A Championship This Year For LeBron Would Trump Any Of Jordan's Six
Michael Jordan and LeBron James now have the same number of NBA Finals appearances.
They both have rings, Finals MVP awards and iconic championship moments to their name.
So, why is it that His Airness is seen a post-season demigod, while LeBron’s accomplishments are looked at as damaged goods?
Jordan did it with one team; he didn’t embarrass a city, and he was six for six in the finals. But, the substance of LeBron’s post-season successes are equally impressive. Additionally, a championship this year would trump any of MJ’s six.
LeBron’s right-hand man during his run to his first Finals appearance in 2007 was Larry Hughes. Hughes had a long career and put up some decent numbers, but he is no Scottie Pippen.
Drew Gooden was the Cavs’ leading rebounder during the 06-07 season. A serviceable big man? Sure, but give me a guaranteed 15-plus rebounds from Dennis Rodman any day over a few baby hooks from Gooden.
People also forget how good Toni Kukoč was. The point I am trying to make is no player wins a title on their own, not even Mike.
LeBron, as close to singlehanded superstardom as we have ever seen, willed that 06-07 Cleveland team to the Finals, where they ran into the buzzsaw that was the San Antonio Spurs.
The magnitude of what LeBron was able to do with that team will forever be overlooked due to the end result. But, now, eight years later, he finds himself in an eerily similar situation with the chance to ascend into a class all his own.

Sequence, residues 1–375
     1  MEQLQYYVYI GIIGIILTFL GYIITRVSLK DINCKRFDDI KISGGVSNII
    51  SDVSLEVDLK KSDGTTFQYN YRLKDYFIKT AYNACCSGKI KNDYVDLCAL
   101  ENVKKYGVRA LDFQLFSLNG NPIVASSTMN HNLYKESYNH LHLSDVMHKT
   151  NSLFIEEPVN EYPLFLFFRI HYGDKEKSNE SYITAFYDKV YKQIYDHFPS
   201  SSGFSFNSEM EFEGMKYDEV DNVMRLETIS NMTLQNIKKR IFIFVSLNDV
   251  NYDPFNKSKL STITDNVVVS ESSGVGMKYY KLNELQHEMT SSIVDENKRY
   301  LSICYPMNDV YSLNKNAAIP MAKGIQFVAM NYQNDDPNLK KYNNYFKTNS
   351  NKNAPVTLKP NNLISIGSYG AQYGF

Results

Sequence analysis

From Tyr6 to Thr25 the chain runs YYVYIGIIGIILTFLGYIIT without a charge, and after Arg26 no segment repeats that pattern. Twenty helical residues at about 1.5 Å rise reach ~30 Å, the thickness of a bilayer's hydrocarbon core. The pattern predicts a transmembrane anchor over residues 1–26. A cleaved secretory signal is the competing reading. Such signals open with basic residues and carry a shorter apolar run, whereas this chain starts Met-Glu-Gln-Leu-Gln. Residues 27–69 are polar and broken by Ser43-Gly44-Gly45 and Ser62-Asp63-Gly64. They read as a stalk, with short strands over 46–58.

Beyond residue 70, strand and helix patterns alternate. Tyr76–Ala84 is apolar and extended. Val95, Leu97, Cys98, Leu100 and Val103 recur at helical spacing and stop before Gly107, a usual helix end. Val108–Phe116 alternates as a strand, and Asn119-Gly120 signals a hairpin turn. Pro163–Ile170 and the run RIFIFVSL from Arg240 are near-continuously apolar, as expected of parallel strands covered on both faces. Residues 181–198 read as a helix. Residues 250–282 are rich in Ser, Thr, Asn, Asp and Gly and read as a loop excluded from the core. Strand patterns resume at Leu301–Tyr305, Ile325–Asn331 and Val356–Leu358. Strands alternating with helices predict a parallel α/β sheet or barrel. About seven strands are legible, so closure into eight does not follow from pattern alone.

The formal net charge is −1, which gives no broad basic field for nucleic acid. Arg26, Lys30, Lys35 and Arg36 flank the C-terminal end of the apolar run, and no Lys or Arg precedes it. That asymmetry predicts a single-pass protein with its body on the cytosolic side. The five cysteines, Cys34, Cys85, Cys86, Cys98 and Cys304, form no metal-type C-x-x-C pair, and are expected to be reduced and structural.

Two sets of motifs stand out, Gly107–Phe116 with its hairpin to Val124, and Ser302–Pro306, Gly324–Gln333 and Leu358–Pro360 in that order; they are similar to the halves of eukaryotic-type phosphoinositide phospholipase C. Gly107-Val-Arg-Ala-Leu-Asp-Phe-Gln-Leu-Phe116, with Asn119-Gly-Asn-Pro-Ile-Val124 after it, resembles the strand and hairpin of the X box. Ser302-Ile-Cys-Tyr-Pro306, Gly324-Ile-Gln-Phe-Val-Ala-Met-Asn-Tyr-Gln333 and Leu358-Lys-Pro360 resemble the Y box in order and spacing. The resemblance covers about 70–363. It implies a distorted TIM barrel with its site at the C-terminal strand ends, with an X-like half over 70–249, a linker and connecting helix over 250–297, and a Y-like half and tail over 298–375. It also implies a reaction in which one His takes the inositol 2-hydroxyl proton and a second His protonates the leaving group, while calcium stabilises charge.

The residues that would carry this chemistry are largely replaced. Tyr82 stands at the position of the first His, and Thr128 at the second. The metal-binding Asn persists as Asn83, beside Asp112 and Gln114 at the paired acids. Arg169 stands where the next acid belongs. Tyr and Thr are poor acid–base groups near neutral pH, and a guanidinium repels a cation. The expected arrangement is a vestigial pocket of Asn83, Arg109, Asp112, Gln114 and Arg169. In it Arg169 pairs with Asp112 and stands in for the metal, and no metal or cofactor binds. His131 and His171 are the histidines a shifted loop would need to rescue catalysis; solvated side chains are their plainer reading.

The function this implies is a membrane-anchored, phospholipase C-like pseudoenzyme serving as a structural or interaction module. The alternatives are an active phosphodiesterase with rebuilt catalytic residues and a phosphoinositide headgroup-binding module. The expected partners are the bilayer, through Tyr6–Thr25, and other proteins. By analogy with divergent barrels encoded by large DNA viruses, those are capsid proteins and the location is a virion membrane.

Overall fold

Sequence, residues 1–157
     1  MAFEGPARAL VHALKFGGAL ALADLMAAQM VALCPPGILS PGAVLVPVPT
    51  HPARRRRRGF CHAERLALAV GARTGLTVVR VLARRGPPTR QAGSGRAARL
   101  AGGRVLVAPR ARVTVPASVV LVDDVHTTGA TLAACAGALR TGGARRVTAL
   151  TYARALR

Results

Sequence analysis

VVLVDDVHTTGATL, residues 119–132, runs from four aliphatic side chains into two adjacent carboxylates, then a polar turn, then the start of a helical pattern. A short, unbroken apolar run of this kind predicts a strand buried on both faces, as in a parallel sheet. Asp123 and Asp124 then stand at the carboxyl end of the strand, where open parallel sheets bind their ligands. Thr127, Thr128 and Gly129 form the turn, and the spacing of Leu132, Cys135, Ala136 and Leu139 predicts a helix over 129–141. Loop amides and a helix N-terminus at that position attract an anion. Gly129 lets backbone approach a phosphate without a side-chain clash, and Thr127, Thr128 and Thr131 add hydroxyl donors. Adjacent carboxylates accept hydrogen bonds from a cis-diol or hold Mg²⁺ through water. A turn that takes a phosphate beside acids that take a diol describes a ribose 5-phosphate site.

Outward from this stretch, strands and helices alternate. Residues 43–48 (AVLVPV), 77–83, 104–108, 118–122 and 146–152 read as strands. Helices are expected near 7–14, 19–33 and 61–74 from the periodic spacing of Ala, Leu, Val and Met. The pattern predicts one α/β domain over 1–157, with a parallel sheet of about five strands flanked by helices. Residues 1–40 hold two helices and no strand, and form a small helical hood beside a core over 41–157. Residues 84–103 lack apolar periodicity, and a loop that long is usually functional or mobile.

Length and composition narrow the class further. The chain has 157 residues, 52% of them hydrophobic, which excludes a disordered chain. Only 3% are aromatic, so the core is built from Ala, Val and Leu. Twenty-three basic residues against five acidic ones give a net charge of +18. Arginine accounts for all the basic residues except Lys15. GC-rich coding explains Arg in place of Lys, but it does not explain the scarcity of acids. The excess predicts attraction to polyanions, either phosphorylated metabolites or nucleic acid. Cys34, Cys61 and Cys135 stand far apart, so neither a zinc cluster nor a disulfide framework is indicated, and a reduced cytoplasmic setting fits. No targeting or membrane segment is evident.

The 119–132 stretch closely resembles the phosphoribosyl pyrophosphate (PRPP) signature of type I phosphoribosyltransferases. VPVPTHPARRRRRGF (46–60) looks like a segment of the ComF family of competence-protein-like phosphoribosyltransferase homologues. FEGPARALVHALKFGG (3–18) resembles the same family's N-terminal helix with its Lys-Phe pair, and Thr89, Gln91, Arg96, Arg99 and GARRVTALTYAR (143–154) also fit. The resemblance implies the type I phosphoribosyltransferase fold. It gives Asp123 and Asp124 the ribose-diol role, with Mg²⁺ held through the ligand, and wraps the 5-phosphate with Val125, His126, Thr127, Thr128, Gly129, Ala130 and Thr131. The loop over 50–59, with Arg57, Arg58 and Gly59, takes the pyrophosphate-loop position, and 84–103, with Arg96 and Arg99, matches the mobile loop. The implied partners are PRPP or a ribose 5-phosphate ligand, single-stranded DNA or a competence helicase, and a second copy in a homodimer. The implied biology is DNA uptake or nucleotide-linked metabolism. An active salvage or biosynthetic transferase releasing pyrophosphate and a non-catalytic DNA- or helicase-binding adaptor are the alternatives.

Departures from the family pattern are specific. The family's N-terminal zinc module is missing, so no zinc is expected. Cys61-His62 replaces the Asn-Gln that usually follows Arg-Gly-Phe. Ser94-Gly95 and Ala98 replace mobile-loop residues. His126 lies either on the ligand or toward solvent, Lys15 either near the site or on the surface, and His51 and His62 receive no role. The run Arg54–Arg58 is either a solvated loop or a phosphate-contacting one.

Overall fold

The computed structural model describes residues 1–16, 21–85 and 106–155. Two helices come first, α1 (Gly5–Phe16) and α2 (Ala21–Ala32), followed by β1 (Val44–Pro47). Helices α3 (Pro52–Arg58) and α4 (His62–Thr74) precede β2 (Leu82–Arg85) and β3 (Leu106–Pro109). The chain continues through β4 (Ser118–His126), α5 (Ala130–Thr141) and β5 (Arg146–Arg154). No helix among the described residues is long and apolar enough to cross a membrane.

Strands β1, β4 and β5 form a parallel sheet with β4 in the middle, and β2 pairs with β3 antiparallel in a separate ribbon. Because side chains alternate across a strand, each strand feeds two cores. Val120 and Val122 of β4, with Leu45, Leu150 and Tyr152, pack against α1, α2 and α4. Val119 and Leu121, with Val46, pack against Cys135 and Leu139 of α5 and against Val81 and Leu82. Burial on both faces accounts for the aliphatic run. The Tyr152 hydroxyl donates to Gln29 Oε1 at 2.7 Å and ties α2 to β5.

The success LeBron and his Heat teammates had during the Miami years is nothing to be scoffed at, but I believe James guiding that 06-07 Cleveland roster to the Finals is his greatest accomplishment to date.
All of the points I made about Michael’s Bulls teams apply to the King’s four years in South Beach. Even to this point so far in the current season, James has had the option to adjust to the talent around him at any given point.
Despite this, a few strokes of bad luck have him back where he was in 2007. When he walks out onto the court for warmups Tuesday night, he will have no Kevin Love or Kyrie Irving, and will be looking across the court at the most lethal duo in the NBA.
Though the cabinets are certainly not bare, Matthew Dellavedova doesn't exactly present the same threat to the Golden State defense as Uncle Drew.
We saw how battered LBJ appeared after willing the Cavs to a thrilling overtime win in game two on Sunday.
Heading back to Cleveland for the next couple of games will be of added value due to the Warriors’ collective lack of Finals experience.
A few more poor shooting nights from either (or both) of the Splash Brothers, a big night (or quarter) from JR Smith or just the sheer will of LeBron could land the Cavs in a position to put the series away.
This is why James came back to Cleveland. Obviously, an enticing roster didn't hurt the cause, but he wanted to bring his city a championship.
Kevin Love could be gone next year; Kyrie could get hurt again next year, and there is no way of telling what the future holds.
But, here he is, back in the Finals with the Cavs. After an eight-year roller coaster ride, he finds himself back where he started, with the opportunity to put Ohio on his back as he ascends to immortality.
If LeBron can somehow win this group to three more wins over the league’s most talent-laden roster, it would not only be the greatest accomplishment of his career, but perhaps, in Finals history.